homage to s. beckett i

RIP HR Giger

Today it was announced that Swiss surrealist HR Giger, who designed the monster and sets for Alien, has died at the age of 74. Back in 2009, VICE paid him a visit in his house in Zurich and talked to him about his life, inspiration, and work. You can read the interview below.

HR Giger, regardless of how many museum or galleries he fills with volumes of his other work, will almost certainly go down in history as that strange Swiss guy behind the Alienmovie. During the 1970s, Giger produced a book called Necronomicon, which established him as the foremost fantastical artist at the time. Salvador Dali was so impressed by his work that he invited him over to Spain for a visit and stole Giger’s girlfriend in the process.

In the 1980s, Giger got involved in the movies and got an Oscar for his work on Alien, but after a couple of awful cinematic collaborations in the 1990s he pretty much disappeared to everyone except the goths and metalheads raiding his back catalogue for tattoos.

He’s 69 now. Loathed by feminists and obscenity sticklers, Giger, the one-time king of darkness and the person Ridley Scott confessed to being petrified of meeting, is now no more scary than a grumpy old neighbor. He wears Crocs. He potters around the garden, mumbles to the cat, drops himself in front of the tube for the afternoon, and cracks open a bottle whenever he feels like it. His wife Carmen lives next door. Giger punched a hole through the wall to join the buildings. Giger’s side is painted black from floor to ceiling; Carmen’s, one assumes, ain’t so bad.

He divides his time between a castle in the Alps and his house in Zurich where he has a little train track running round the garden and right through the kitchen. When he sketches, he still likes to draw strange alien figures with hefty packages pinning fragile looking ladies to the floor, but his days of nightmarish visions and brutal hallucinations are over. He goes to bed at 5 AM and wakes at noon. The night before the interview, Giger had overdone it at the dinner table.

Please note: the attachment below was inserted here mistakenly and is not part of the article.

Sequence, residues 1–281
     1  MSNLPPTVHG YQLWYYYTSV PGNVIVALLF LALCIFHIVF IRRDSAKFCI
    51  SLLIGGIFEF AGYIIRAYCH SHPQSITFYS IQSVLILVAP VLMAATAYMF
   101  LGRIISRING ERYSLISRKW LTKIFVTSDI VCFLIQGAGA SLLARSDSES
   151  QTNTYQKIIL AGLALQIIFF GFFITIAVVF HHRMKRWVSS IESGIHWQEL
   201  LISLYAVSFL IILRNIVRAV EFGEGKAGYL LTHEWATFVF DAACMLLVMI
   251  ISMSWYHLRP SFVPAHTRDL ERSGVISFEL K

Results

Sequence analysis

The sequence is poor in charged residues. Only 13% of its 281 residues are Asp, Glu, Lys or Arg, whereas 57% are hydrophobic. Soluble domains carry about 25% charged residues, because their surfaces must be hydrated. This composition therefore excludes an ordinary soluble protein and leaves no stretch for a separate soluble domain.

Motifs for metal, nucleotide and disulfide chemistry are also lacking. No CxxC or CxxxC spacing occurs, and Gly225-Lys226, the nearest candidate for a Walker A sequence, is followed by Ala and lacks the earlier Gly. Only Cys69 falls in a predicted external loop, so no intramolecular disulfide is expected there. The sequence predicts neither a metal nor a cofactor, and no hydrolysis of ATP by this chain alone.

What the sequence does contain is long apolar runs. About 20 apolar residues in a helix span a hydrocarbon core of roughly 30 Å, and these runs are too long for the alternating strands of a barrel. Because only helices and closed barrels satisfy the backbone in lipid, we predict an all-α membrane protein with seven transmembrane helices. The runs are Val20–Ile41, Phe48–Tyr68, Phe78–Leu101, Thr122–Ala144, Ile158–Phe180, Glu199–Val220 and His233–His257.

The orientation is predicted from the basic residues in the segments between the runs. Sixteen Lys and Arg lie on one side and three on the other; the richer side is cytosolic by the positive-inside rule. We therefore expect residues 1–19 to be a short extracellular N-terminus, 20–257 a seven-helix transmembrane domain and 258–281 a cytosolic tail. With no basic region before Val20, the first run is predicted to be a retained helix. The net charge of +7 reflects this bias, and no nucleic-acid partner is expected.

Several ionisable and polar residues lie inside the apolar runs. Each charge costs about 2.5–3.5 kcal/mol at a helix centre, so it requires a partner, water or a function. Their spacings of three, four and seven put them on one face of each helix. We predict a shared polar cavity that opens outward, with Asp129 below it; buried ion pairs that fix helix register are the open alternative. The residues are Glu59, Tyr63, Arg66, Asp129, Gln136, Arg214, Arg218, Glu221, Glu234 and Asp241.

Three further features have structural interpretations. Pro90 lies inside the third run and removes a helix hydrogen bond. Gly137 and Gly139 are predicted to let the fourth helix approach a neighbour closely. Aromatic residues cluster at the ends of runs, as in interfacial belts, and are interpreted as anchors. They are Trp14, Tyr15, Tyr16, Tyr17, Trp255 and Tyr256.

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How was your fondue last night? 
Heavy. Oh so heavy. After, I always say, “Oh my God, why have I done that?” But it’s so good.

What are you doing with yourself these days?
You know I haven’t painted since the 90s? I’m quiet now. I like watching television. I like theWire, and the Sopranos is so good.

Yesterday we met your good friend Walter Wegmüller, who helped Timothy Leary when he was on the run. He spoke about the “freaky times” back in Switzerland in the 1970s. What were they like? 
Ah, the freaky times. When Timothy Leary was in Switzerland, he was hoping to get asylum so he could stay here and not go back to prison in America. I was collecting signatures for him. My father was a pharmacist, you know? “What are you doing with this guy?” he asked me. It was funny. Timothy Leary was a very nice man. I didn’t meet him back then in Switzerland, but I met him later in Los Angeles when he wrote two articles for my books. They were very good and he was a very fine person.

Did you exchange ideas?
Oh not much. What could I say? He was a very intelligent man with a lot of knowledge and I’m, well, I’m just an artist.

Did you ever take LSD with him?
Ah, you know you can’t talk about that on record. LSD is still forbidden, so it’s not good to talk about those things.

You’ve said before that much of the inspiration for your art comes from dreams, and more specifically nightmares?
Everyone always wants to know about my dreams. The inspiration is mostly from literature actually. I have read so many things that have inspired me. Beckett was very much an inspiration for me. His theater, especially. I made paintings as a homage to Samuel Beckett [Homage to S. Beckett I,II,III]. They were some of the very few colored paintings I’ve done.